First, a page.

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In 2016, Friends of Florence and Save Venice Inc. sponsored the conservation treatment of a group of 48 drawings by the Venetian artist Giovanni Battista Tiepolo (1692–1770), held in the Horne Museum of Florence. Forty-four of the drawings are bound in an album and an additional four from the same album are mounted separately. The drawings vary in size and subject, most being studies of visual motifs datable on stylistic grounds to about 1740. They are executed in black smoke ink and brown iron gallic ink on various types of paper.
The English architect, art historian, and collector Herbert P. Horne (1864–1916) bought these works by the famed Venetian artist in London in 1903, and brought them to Florence in 1911 when he acquired Palazzo Corsi in Via Benci in Florence. The Palazzo became the Horne Museum in 1916, after Horne’s death and the bequest of his home and art collection to the Italian state.
The Horne album was part of a series of nine volumes gathered by English collector Edward Cheney in the mid-19th century, probably sold at Sotheby’s in 1885. Two of the nine albums are conserved in the Victoria and Albert Museum in London and one is in the Pierpont Morgan Library in New York. Together with the Horne album, they form one of the most important graphic testimonies of Tiepolo’s art.
Giovanni Battista (Giambattista) Tiepolo was Venice’s most important painter in the 18th century. During his illustrious career, Tiepolo created nearly 800 paintings and a vast amount of fresco painting on the walls of palaces, churches, and villas throughout Europe, with commissions extending well beyond Venice due to his popularity with the royal houses of Spain, Germany, Sweden, and Russia. In addition, Tiepolo was a prolific and prized draftsman. His sketches and drawings comprise an important legacy providing insight on his artistic practices.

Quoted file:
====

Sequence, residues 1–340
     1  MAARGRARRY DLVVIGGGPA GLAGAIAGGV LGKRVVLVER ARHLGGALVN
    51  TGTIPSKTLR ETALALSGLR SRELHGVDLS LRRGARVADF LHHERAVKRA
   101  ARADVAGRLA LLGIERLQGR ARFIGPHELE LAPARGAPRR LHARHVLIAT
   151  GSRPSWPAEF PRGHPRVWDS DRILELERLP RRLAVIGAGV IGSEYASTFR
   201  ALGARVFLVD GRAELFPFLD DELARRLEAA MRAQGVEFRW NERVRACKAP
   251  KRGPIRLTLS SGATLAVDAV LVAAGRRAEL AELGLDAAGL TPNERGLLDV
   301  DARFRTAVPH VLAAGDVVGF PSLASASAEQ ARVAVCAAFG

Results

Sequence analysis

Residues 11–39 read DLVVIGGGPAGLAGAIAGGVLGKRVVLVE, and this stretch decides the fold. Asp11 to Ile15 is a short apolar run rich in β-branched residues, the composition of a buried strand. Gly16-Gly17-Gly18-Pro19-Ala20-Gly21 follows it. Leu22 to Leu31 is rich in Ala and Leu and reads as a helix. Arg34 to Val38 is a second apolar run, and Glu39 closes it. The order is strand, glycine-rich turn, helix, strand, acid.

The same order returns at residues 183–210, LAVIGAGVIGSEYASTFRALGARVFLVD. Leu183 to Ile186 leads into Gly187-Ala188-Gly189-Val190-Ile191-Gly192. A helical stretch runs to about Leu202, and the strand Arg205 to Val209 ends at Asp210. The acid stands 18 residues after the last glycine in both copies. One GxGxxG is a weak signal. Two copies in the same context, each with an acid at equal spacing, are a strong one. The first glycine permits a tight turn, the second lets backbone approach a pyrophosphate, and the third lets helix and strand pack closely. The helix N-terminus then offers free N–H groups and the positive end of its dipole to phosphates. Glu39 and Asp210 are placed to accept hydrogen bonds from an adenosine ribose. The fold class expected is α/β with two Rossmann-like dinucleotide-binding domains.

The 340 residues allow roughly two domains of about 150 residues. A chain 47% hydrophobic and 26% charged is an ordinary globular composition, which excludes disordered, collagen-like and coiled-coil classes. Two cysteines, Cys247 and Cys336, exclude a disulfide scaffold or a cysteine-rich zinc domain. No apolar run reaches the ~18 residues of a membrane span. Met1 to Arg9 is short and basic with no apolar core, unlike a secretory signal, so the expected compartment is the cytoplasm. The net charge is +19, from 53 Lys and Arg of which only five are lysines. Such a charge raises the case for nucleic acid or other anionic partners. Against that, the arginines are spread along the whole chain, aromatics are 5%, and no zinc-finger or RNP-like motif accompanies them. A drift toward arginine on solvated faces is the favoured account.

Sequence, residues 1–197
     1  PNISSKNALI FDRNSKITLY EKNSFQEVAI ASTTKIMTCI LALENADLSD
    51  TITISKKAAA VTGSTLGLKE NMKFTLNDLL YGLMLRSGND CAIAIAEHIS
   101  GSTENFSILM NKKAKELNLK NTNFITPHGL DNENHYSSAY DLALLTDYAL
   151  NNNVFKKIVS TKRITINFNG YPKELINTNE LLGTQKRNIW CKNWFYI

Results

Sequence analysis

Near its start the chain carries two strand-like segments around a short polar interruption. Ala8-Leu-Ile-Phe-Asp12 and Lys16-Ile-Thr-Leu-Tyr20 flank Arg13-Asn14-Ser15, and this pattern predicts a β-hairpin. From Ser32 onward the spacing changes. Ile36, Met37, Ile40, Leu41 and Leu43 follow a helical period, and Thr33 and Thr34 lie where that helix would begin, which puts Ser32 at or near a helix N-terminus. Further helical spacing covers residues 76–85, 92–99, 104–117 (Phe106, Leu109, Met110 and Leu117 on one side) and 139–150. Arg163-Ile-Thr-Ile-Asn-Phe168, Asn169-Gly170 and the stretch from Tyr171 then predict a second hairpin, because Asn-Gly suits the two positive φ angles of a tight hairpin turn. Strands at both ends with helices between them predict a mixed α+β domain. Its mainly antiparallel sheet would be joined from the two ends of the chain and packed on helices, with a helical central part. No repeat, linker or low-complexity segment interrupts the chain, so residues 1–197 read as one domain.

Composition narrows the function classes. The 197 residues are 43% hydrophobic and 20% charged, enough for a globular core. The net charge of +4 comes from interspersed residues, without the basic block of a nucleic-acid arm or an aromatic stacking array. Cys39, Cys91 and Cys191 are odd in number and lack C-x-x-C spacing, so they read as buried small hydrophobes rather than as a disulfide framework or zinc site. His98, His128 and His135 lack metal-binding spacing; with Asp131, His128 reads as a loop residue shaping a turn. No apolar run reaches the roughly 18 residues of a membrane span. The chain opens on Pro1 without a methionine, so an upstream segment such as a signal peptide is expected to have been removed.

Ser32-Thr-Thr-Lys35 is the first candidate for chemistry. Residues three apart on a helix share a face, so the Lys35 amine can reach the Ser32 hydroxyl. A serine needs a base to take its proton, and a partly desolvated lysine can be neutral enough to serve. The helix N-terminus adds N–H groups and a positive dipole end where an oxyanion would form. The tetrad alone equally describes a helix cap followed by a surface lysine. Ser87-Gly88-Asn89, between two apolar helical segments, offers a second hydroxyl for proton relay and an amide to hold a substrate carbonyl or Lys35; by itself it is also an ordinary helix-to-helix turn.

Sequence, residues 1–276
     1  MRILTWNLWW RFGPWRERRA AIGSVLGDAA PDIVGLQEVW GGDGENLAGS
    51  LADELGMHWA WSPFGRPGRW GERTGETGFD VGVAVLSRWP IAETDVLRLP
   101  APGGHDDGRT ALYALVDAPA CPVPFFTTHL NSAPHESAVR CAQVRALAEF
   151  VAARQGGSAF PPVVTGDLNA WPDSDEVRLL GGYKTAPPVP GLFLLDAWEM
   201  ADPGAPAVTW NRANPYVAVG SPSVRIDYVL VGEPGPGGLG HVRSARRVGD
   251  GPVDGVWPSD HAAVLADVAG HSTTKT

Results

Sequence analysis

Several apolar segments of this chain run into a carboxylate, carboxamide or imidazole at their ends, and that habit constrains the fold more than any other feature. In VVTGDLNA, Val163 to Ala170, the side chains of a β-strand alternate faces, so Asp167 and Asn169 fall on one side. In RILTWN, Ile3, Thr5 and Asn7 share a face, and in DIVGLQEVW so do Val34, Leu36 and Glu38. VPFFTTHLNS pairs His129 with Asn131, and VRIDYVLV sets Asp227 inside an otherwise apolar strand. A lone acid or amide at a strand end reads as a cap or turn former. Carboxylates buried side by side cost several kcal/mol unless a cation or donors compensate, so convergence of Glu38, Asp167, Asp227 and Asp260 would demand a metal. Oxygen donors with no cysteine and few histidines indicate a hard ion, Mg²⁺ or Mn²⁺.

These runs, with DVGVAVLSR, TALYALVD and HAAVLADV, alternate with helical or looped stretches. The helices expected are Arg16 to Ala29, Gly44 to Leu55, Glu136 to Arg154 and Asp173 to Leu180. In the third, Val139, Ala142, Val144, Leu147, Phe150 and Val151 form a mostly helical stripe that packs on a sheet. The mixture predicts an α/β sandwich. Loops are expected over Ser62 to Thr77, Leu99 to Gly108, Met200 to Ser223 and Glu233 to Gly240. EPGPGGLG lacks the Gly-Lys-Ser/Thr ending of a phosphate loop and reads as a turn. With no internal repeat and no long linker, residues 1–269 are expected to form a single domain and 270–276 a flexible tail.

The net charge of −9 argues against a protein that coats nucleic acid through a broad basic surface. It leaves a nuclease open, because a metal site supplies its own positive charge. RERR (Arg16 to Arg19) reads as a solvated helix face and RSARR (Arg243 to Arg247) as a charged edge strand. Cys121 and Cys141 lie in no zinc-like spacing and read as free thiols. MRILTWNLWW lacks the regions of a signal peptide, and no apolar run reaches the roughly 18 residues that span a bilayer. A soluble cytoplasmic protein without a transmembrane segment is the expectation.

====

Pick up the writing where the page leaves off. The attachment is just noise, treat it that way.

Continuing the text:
Conservation treatment of the drawings in the Horne Museum funded by Friends of Florence and Save Venice was preceded by non-invasive photographic studies in raking, ultraviolet, and infrared light to further understand the drawings’ state of conservation and the materials used to create them. To begin conservation treatment, restorers removed the pages from the album and cleaned the drawings with brushes, microvacuums, and conservation erasers to remove dirt and deposits. Glue stains were removed and tears repaired. As the drawings were long ago glued onto the pages of the album, they suffer from deformation of the supporting paper and from folds. They were gradually flattened back in shape through the application of Gortex or by using a humidity chamber. The four drawings that had been removed from the album were reinserted in the volume on new paper supports. The binding of the album, so tight that the album cannot be fully opened, was restored to ease the movement of the pages. The original box housing the volume was repaired and amplified to fit the album, which will be slightly larger after conservation treatment due to the insertion of Japanese paper veiling between each page for protective measure.